wineries near katakolon
(3 km – approx. 7 mins from Katakalon)
The setting of this boutique winery is incredible; near the sea in a setting which has been officially recognized by the Greek government as an area of outstanding beauty. Take your time to stroll around.
The old family house is a little spooky and is inhabited by a 95-year-old woman and her housekeeper. You can visit the old stables, which are filled with antique farm equipment and the wine cellars with the French oak barrels.
Take a picture of the very small family church and pet the dogs (the huge St Bernard dog is Lara, she’s very drooly and that’s why she is behind a fence). It is part vineyard and part zoo since there are numerous peacocks, turtles, cats and their most recent acquisitions are the little Skyrian horses, a Greek breed.
The estate grows more than 15 varieties of grape of both Greek and international origin, from which the wines are produced.
In addition to the production of wines and olive oil, the Mercouri Estate also welcomes large and small parties of friends of nature and wine. Tours allow for the possibility to visit the wine production facilities, vineyards and olive groves of the estate, as well as the small folklore museum which houses a collection of old rural tools and instruments. Guests are also permitted to walk among the trees and to the beach and come into contact with the beautiful nature that surrounds the estate. Tours end with a sampling of products from the estate under old pine trees, with a view of the Ionian Sea and the island of Zante and the possibility for guests to purchase Mercury estate products.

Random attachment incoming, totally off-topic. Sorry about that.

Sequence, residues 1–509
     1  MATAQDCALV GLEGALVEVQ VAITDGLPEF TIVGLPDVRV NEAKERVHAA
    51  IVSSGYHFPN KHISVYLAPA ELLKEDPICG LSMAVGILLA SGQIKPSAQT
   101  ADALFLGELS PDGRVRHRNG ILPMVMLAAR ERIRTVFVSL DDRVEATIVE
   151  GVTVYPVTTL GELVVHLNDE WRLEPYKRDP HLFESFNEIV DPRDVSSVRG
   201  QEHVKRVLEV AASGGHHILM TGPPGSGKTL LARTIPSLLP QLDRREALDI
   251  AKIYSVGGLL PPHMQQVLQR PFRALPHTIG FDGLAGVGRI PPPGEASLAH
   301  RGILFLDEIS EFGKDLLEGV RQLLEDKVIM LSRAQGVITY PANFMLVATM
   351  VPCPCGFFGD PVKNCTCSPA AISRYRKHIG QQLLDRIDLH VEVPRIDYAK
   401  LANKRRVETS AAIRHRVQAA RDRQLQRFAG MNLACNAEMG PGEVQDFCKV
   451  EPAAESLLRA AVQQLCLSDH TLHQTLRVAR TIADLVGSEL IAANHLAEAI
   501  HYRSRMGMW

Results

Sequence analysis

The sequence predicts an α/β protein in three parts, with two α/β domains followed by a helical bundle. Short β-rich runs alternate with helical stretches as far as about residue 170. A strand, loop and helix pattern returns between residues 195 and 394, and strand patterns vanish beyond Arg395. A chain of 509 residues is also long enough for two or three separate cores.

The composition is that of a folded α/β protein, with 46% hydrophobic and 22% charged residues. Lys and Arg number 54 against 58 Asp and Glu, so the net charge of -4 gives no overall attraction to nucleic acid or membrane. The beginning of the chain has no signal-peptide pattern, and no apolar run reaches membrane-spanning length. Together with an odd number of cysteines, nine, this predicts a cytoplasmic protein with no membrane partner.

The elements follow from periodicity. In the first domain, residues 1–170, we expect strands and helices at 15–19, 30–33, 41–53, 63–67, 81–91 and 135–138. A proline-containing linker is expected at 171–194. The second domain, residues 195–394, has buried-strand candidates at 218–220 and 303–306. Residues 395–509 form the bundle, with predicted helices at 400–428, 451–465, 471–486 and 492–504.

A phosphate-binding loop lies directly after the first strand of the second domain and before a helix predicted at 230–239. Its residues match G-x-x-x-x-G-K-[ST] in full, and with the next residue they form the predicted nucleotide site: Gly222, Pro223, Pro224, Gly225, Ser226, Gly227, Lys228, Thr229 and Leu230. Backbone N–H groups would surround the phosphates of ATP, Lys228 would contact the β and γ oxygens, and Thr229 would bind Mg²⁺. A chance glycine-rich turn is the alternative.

The Mercouri Estate is open daily (except Sundays) between the hours of 09.00 and 15.00
street markets near katakolon
vibrant colourful places
The place to find cheap underwear, socks, plastic tablecloths by the metre , clothing, accessories, household items, furniture, toys and trinkets and whatever else you might have thought of or not.
Before setting off on your treasure hunt, make sure you have memorized the Greek word “laiki” (pronounced la-i-kí),people’s market, since you may need directions from some local, otherwise, you will be lost in a labyrinth of streets and alleys. Or better yet, just follow the women carrying the plastic bags or pulling the stuffed shopping trolleys.
On arrival, make sure you first visit the clothing and shoe stands. I don’t know if you are as much into shoes as I am but, believe me, trying to find a matching pair of shoes at a Greek street market will give you an adrenalin rush ten times more than buying a pair in a shop! The ultimate shopping therapy experience!
I once remember having found the PERFECT right high heeled shoe. It took me, with no exaggeration, another hour to find the left one in an enormous pile of jumble. Exhausted, but totally satisfied with my purchase, I had spent a mere 5€.
Next, head for the clothing stands where the merchants try to attract customers with what seems as a shouting contest. Don’t be surprised when you see them literally standing on their goods. If you want to try something on, don’t expect fancy changing rooms. You can do so right there and then. A personal tip, get your friends to encircle you as to avoid gazing eyes.